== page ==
Icebox Bread and Butter Pickles
Watermelon Rind Pickles

Posted by on July 16, 2012
Images and Full Post Content including Recipe ©Deep South Dish. Pinning and sharing links is welcomed and encouraged, but please do not repost or republish elsewhere such as other blogs, websites, or forums without explicit prior permission. All rights reserved.

Material Disclosure: Unless otherwise noted, you should assume that post links to the providers of goods and services mentioned, establish an affiliate relationship and/or other material connection and that I may be compensated when you purchase from a provider. You are never under any obligation to purchase anything when using my recipes and you should always perform due diligence before buying goods or services from anyone via the Internet or offline.
.

Bookmark and Share

10 comments:

  1. I love figs and Love them jammed. I am going to try this beautiful recipe of fig jam...so healthy! Who is going to buy store-bought jams now? Not me, because I have your recipe!
    http://cosmopolitancurrymania.blogspot.hk/

    ReplyDelete
  2. We planted a brown turkey fig and after doing some reading yesterday, I am wondering if we should have planted a Celeste.

    ReplyDelete
    Replies
    1. I don't know anything about that variety, but I do know I love my Celeste!

      Delete
  3. My figs are coming in here in N. Alabama. I best get busy.

    ReplyDelete
    Replies
    1. You know how it is Kat - once they start coming they start coming fast and furious!!

      Delete
  4. I put up 30 jars Saturday, my recipe is similar, but I like to only use half a pkg of pectin and add a couple of boxes of either Strawberry, peach or my favorite Apricot jello, the jello has it's own pectin so that's the reason for cutting back. I have been using the Bell's Best #2 recipe for years.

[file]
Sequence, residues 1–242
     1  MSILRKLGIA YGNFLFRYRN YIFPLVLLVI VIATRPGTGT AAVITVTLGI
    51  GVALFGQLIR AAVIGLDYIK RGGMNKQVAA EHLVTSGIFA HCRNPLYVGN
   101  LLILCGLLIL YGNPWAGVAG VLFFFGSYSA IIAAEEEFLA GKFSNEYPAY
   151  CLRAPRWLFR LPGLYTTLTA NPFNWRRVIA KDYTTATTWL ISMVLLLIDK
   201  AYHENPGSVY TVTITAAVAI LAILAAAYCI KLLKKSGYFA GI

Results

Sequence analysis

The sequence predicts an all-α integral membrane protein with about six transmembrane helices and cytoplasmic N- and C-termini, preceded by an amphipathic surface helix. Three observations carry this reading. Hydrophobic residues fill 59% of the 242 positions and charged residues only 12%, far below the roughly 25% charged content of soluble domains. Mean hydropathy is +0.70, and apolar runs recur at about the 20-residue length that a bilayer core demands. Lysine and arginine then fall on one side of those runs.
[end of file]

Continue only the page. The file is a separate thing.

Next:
It's easy to root figs too after the tree goes dormant get a limb near the ground and peel back four to five inches of bark. push it to the ground and dig the area where that will lay, cover it with dirt and put something like a brick over it so it doesn't spring up. In spring you can take a shovel and severe it right behind where you cut it, it will have developed roots. Plant in a pot for a couple of years to get a well established root system then plant it where you like

    ReplyDelete
    Replies
    1. How timely! I was just going to look up how to root a branch and here I find your comment!! I actually have a branch this year that is laying on the ground so it will be perfect for this. Thank you so much!!

      Delete

Thanks for taking the time to comment - I love hearing from readers and I read every single comment and try to respond to them right here on the site, so stop back by!

From time to time, anonymous restrictions and/or comment moderation may be activated due to comment spam. I also reserve the right to edit, delete or otherwise exercise total editorial discretion over any comments left on this blog.

 
Related Posts with Thumbnails